Locations with partial shade will also do. But if the leaves start to partially close, you’d have to find a much brighter area.

Watch out for the temperature

Places like Central America and South America have a tropical climate. Being a native of these areas, Mimosa pudica also prefers such a condition. It’s critical to maintain the temperature to a range of 60-75o Fahrenheit (16-30oC).

Remember to keep your Sensitive plant warm. It isn’t tolerable to chilly and frosty conditions. Make sure to watch out for a sudden drop in temperatures especially during the night. If placed outdoors, we recommend bringing it in when it’s below 60o Fahrenheit (30oC).

Generally, USDA hardiness zones 9 to 11 suit well in growing Mimosa pudica.

Maintain a high humidity level

Sensitive plant is a sucker for high humidity. So if you’re living in an arid location where humidity is almost always low, you can give this plant a pass. However, if you’re place has medium humidity, that’s tolerable. There are a few tricks you can pull off to make it work.

The first tip is to group your Mimosa pudica with other tropical plants. Since they all love high humidity, they can benefit from the extra moisture they’d receive from each other. It would also be easier to mist around them when they’re together.

Minimize fertilizer application

In its natural habitat, Mimosa pudica is used to growing in soil with a lesser amount of nutrients. It wouldn’t hurt if you choose not to fertilize regularly. This houseplant would still thrive.

I recommend that you add fertilizer only when it’s deemed necessary. Timing the application during the growing season. You can apply high-potassium fertilizer that’s diluted to half its original strength. Do this every few weeks depending on the need of your Sensitive plant.

Save seeds for propagation

During mid to late summer, Mimosa pudica is producing flowers that look like pom-poms. They’re pink to light purple in color. Once you notice them, try saving the seeds from spent flowers. You could use the seeds to propagate new Sensitive plants.

{Images: Propagation – Sensitive plant seeds}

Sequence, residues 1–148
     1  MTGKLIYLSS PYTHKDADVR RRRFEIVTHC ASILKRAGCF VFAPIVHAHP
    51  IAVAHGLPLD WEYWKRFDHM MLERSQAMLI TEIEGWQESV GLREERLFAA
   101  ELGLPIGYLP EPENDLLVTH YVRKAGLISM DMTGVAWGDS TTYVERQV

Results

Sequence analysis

Sow the seeds in a planting medium and keep them moist. Wait for the seeds to germinate. It would take around two to four weeks. I know the waiting period is long but don’t fret if you haven’t seen progress yet. Just be patient.

However, if you want a faster method, using stem cuttings is the way to go. Cut a healthy stem with at least one leaf node and insert the cut potion into the planting medium. Keep the soil moist. Such cutting will develop its own root system in just a few weeks.

Repot as regularly as possible

It’s amazing how fast the Sensitive plant can grow. They spread a lot faster when planted in the ground. And even in pots, they’d easily grow to almost a foot in size, forming a bushy appearance.

There’s a need to regularly repot this houseplant. Once you see roots coming out of the pot’s drainage holes, repot your Sensitive plant right away. Use the recommended potting mixture that we’ve discussed earlier.

I do not recommend leaving this plant pot-bound. It’s going to be difficult repotting your Sensitive plant when its growth has already been massive.

Make pruning a habit

Because of its creeping nature, it’s important that you prune your Mimosa pudica consistently. You can trim off excess growth to keep it to a desirable size. Pruning also encourages lateral growth preventing the plant from getting leggy.

Just be very careful when pruning. The stems of this houseplant are protected with thorns. Always use your hand gloves to avoid getting pricked. And of course, don’t forget to sterilize your pruning shears before and after use.

pruning shears

This is also the best time to save some mature and healthy stems cuttings from the Mimosa pudica. You could use those for propagation.